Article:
Opponents Of Proposed Eastern Oregon-To-Idaho Transmission Line File Federal Lawsuit

Power lines and power-generating windmills rise above the rural landscape on June 13, 2018, near Dwight, Ill. Driven by falling costs, global spending on renewable energy sources like wind and solar is now outpacing investment in electricity from fossil fuels and nuclear power. CREDIT: SCOTT OLSON/GETTY IMAGES
File photo. Power lines and power-generating windmills rise above the landscape near Dwight, Ill. Driven by falling costs, global spending on renewable energy sources like wind and solar is now outpacing investment in electricity from fossil fuels and nuclear power. CREDIT: SCOTT OLSON/GETTY IMAGES

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BY MONICA SAMAYOA / OPB

Opponents have filed a lawsuit seeking a new environmental evaluation on a proposed high-voltage transmission line in eastern Oregon.

The lawsuit, filed Tuesday by Stop B2H Coalition and Greater Hells Canyon Council, claims the Bureau of Land Management and the U.S. Forest Service failed to adequately evaluate the environmental impacts of Idaho Power’s proposed transmission line.

The Boardman to Hemingway (B2H) is a proposed 500-kilovolt transmission line that would run nearly 300 miles long across public, private and state lands in five eastern Oregon counties. At least two proposed routes would go through La Grande.

Stop B2H Coalition’s Jim Kreider said the groups want to see further evaluations of areas where the power lines would be close to homes. They also say there hasn’t been adequate assessment of noise level standards.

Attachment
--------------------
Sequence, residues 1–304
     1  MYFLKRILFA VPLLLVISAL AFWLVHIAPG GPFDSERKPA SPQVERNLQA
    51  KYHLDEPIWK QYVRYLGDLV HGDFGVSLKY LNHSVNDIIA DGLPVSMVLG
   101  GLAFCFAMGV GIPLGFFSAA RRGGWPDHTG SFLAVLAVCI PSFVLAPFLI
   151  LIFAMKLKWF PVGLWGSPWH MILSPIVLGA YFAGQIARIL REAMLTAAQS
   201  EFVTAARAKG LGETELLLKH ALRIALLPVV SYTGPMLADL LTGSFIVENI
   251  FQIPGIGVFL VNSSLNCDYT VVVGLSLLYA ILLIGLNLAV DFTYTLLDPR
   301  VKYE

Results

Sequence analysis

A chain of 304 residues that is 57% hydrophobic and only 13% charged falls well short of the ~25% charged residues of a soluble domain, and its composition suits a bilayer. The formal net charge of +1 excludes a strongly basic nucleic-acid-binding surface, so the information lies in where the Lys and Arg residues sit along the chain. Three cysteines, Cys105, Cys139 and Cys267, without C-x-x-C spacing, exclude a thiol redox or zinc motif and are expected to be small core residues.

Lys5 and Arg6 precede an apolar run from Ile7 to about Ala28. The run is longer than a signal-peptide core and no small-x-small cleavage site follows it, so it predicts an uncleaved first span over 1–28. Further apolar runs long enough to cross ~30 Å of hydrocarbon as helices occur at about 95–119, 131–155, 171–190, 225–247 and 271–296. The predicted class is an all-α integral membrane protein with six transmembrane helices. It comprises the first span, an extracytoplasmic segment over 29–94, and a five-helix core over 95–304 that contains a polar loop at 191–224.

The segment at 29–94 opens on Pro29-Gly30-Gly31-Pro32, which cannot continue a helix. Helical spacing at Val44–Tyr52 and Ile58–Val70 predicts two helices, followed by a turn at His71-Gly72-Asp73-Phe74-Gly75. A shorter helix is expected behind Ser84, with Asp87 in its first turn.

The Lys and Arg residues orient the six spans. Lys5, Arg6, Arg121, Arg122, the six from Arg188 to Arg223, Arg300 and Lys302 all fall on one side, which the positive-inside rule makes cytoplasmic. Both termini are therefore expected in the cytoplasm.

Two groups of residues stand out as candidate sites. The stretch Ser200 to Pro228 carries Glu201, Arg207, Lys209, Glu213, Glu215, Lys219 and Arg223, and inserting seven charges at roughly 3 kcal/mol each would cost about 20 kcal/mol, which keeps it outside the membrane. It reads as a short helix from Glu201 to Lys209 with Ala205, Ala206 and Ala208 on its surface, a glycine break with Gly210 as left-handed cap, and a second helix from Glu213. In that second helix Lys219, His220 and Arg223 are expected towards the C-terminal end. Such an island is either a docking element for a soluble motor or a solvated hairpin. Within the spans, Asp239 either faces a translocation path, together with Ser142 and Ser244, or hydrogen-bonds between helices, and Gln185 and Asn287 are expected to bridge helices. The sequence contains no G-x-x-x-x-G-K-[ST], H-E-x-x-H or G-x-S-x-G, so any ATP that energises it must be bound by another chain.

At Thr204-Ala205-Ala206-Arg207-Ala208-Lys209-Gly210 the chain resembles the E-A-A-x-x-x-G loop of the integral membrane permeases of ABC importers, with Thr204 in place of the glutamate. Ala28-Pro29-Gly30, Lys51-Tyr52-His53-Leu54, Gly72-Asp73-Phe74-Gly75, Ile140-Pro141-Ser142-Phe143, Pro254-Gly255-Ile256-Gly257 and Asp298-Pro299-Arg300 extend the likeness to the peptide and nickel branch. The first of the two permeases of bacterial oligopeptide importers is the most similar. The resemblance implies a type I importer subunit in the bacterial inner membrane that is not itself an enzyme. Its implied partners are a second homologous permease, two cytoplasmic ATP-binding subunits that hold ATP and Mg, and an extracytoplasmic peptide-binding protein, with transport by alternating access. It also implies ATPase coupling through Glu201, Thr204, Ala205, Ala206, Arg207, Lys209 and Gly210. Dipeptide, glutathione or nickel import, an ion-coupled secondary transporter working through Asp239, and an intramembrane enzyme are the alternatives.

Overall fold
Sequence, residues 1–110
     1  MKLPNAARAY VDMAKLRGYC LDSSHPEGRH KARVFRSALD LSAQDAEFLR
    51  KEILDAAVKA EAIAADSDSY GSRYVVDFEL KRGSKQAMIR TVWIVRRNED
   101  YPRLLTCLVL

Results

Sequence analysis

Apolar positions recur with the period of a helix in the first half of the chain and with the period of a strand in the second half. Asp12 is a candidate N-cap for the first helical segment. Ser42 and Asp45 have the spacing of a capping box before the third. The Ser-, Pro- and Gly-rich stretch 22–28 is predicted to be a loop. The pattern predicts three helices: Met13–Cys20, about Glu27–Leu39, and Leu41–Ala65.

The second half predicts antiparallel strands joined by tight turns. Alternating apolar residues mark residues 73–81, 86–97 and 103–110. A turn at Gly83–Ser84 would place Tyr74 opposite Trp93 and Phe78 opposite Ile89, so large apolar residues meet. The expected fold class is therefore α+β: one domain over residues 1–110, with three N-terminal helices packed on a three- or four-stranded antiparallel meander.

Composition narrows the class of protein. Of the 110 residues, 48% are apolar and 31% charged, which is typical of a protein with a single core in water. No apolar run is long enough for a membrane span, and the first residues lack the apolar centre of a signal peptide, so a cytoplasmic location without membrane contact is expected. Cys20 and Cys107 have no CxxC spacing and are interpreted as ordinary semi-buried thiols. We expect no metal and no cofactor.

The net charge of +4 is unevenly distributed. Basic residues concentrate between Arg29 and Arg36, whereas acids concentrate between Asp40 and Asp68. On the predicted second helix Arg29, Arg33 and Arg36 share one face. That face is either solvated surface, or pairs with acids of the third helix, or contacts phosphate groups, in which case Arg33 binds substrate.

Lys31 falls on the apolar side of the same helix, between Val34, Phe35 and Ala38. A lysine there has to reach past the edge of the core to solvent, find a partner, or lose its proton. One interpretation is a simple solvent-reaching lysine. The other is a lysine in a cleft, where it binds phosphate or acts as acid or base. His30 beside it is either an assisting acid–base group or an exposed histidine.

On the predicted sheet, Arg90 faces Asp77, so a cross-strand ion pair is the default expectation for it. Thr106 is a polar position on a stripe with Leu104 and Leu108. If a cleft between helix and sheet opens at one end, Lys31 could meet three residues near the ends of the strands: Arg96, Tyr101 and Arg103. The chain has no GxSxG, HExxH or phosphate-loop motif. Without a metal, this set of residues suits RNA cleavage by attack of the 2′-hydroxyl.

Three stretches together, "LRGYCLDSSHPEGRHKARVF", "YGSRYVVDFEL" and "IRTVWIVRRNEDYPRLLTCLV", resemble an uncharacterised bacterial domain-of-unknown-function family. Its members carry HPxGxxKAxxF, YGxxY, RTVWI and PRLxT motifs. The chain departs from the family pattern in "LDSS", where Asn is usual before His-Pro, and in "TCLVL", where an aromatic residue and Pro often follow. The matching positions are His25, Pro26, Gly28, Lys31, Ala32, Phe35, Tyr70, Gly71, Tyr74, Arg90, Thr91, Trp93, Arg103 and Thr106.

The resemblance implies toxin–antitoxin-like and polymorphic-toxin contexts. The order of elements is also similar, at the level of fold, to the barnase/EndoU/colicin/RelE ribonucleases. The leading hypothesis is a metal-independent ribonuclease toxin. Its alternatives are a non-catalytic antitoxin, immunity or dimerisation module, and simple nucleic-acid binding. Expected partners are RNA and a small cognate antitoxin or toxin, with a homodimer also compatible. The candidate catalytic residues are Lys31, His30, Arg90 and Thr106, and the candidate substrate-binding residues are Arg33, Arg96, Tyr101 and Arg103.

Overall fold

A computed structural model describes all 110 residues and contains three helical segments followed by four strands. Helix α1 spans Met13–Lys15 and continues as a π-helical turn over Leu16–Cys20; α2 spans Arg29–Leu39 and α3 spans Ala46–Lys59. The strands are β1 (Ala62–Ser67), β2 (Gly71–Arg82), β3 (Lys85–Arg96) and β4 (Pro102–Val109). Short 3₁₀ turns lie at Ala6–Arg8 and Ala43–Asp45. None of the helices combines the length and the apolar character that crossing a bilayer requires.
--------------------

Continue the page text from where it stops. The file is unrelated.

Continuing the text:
“We uncovered significant new information that the BLM missed in their environmental impact statement looking at the route on federal lands,” Kreider said.

The lawsuit was filed just a few days before Sunday’s deadline to challenge the Bureau of Land Management’s earlier decision to grant a right of way to Idaho Power.

Idaho Power’s corporate communications specialist Sven Berg said the Boardman to Hemingway project remains an important priority for Idaho Power as the company pursues its goal of providing 100% clean energy by 2045.

“We are working through the permitting process and hope to begin construction by late 2023,” Berg said.

A Bureau of Land Management spokesperson said the agency does not comment on litigation. The U.S. Forest Service did not respond to a request for comment.

Copyright 2019 Oregon Public Broadcasting. To see more, visit opb.org

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